I've gotten countless emails from other editors saying something like, "Hey man, we love the column but can't afford it anymore." I was once in the same boat myself as a managing editor. It is brutal.

Between the first draft of this column and this final version, five of my fellow reporters were murdered in their newsroom, an hour away from my own. Every reporter I have ever known has been threatened or maligned at some point, but this has gotten so much worse under Trump. We don't need the CNNs and MSNBCs. We need the Annapolis Capital Gazettes and all the small struggling papers that carried this column.

I learned from Spy Magazine that every good column has heroes and villains. Donald Trump was one of Spy's main villains back in the 1980s, and he was the overarching villain of this column. But there were also all of those who enabled him and who he enabled, especially Michael Flynn, the alt-right goons of Charlottesville and the dark corners of the web, Project Veritas, and the ever-so-silly and sad "western chauvinist"™ frat of the Proud Boys, whose litigious western chauvinist™ lawyer threatened legal action against the papers carrying this column.

Foremost among the heroes are the 230 people arrested during the inauguration protests. The very first column detailed those protests, after I was gassed and pepper sprayed and almost arrested by the mobs of cops with covered faces who ultimately kettled a large group of protesters.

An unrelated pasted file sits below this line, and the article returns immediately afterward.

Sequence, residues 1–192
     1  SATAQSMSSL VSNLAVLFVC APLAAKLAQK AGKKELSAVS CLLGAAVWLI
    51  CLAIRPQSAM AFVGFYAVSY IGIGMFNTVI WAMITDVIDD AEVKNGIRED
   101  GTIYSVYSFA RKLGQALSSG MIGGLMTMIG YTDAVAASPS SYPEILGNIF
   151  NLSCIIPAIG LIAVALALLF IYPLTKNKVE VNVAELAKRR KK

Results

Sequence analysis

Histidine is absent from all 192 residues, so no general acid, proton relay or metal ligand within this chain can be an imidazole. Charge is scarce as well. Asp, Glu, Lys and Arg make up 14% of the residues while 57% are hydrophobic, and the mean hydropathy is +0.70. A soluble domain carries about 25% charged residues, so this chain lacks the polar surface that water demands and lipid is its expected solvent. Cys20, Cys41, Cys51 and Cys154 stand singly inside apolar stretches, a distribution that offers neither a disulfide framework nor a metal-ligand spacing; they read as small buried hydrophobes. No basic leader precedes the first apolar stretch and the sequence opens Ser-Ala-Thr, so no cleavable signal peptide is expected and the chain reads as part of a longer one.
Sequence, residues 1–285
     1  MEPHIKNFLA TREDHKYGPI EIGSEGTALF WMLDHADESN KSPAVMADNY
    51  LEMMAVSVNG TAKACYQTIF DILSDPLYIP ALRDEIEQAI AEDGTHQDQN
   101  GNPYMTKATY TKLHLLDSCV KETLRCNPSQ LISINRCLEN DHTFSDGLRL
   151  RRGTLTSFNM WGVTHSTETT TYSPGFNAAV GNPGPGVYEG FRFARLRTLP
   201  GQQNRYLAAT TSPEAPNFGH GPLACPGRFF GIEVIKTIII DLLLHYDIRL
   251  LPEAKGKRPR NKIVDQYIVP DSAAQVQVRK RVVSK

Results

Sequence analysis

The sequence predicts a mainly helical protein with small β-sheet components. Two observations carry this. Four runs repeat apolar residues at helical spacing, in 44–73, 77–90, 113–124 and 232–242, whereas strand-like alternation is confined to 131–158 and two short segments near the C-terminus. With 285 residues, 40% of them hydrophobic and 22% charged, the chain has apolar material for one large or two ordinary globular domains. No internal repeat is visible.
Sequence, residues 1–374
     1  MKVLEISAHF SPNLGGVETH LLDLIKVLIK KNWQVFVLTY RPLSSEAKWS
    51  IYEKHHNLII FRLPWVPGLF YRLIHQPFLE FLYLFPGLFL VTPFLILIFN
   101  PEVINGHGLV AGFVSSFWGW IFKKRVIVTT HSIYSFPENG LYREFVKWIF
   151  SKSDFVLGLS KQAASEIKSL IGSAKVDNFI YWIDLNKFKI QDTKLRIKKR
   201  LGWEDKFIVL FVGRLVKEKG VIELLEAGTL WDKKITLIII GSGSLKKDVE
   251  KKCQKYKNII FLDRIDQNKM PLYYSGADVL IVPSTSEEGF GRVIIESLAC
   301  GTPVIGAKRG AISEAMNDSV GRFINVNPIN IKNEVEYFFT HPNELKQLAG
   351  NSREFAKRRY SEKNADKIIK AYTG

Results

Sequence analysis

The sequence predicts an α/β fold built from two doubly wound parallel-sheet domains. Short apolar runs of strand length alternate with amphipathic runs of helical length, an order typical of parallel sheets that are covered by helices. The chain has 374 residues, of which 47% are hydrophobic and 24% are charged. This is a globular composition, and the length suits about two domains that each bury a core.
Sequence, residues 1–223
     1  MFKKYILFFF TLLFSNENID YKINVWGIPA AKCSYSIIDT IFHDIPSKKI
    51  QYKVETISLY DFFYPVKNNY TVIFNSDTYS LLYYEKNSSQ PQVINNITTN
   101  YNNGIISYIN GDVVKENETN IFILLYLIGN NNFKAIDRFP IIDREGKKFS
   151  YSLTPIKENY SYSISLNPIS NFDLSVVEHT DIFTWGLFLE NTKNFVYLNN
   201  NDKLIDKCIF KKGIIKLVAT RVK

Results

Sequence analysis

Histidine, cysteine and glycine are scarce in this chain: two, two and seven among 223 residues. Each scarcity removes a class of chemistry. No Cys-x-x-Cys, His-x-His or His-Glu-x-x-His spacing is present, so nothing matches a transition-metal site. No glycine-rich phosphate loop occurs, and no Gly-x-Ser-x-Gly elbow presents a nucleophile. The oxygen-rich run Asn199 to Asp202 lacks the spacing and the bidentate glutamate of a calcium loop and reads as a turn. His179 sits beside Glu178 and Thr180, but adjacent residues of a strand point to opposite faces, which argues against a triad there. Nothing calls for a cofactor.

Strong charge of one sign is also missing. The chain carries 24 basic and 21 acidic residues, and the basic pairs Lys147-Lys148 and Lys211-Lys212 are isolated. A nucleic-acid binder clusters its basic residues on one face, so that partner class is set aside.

The protesters were all charged with the few windows that were broken on the theory that because they wore black and were part of a "black bloc" protest they all conspired to damage the property. They were facing more than 60 years each.

After a year and a half of paying two U.S. Attorneys to prosecute the case and a full-time detective and part-time Trump lover Gregg Pemberton to work it, several defendants have been acquitted on all counts, and the charges against many others have dropped. This includes the charges against Elizabeth Lagesse, one of the real heroes of this column, who taught herself everything possible about the case, went to nearly every proceeding, and filed suit with the American Civil Liberties Union against Washington's police department.

Aaron Cantú, a journalist at the Santa Fe Reporter, is still facing charges. Over the last year and a half, the #Resistance has half-heartedly fallen in love with the "free press," railing against Trump's tweets while still lying to us if they are politicians, and ignoring Cantú's plight if they are Beltway journalists. He has been living under serious criminal charges for a year and a half because he covered a protest. And he's a hell of a good reporter.

But the real heroes of the column are the alt-weekly papers that ran it and the readers who followed along. I am so grateful to have been able to have a home in each of your cities and towns. And I learned so much from having editors in Colorado Springs or Jackson Hole, Wyoming, and so many others.

Finally, Mary Finn spent countless hours filing Freedom of Information Act requests—some of which we are still waiting on (fingers crossed) and editing the column. Brandon Soderberg was a tireless editor and a great friend and collaborator through this.

Brandon and I will be writing a book over the next year, so if you enjoyed the column at all, keep an eye out for it.

Thank you to everyone for everything.

Much Love and Grim Solidarity.